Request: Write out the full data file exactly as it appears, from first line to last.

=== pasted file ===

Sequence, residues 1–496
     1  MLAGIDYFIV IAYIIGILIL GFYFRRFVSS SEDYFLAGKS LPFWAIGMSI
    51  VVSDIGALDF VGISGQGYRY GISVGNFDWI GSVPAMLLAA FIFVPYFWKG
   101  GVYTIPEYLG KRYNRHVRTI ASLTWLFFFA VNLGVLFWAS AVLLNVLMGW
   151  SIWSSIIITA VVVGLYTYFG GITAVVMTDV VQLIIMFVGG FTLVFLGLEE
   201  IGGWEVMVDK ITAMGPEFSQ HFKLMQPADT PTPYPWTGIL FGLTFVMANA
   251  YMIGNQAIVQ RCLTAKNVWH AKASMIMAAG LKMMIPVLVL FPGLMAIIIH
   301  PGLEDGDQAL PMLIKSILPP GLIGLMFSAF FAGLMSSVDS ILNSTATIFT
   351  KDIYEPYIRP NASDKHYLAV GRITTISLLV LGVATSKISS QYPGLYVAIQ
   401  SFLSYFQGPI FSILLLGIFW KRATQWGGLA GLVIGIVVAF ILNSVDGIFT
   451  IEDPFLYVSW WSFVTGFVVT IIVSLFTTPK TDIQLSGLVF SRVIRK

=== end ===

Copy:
Sequence, residues 1–496
     1  MLAGIDYFIV IAYIIGILIL GFYFRRFVSS SEDYFLAGKS LPFWAIGMSI
    51  VVSDIGALDF VGISGQGYRY GISVGNFDWI GSVPAMLLAA FIFVPYFWKG
   101  GVYTIPEYLG KRYNRHVRTI ASLTWLFFFA VNLGVLFWAS AVLLNVLMGW
   151  SIWSSIIITA VVVGLYTYFG GITAVVMTDV VQLIIMFVGG FTLVFLGLEE
   201  IGGWEVMVDK ITAMGPEFSQ HFKLMQPADT PTPYPWTGIL FGLTFVMANA
   251  YMIGNQAIVQ RCLTAKNVWH AKASMIMAAG LKMMIPVLVL FPGLMAIIIH
   301  PGLEDGDQAL PMLIKSILPP GLIGLMFSAF FAGLMSSVDS ILNSTATIFT
   351  KDIYEPYIRP NASDKHYLAV GRITTISLLV LGVATSKISS QYPGLYVAIQ
   401  SFLSYFQGPI FSILLLGIFW KRATQWGGLA GLVIGIVVAF ILNSVDGIFT
   451  IEDPFLYVSW WSFVTGFVVT IIVSLFTTPK TDIQLSGLVF SRVIRK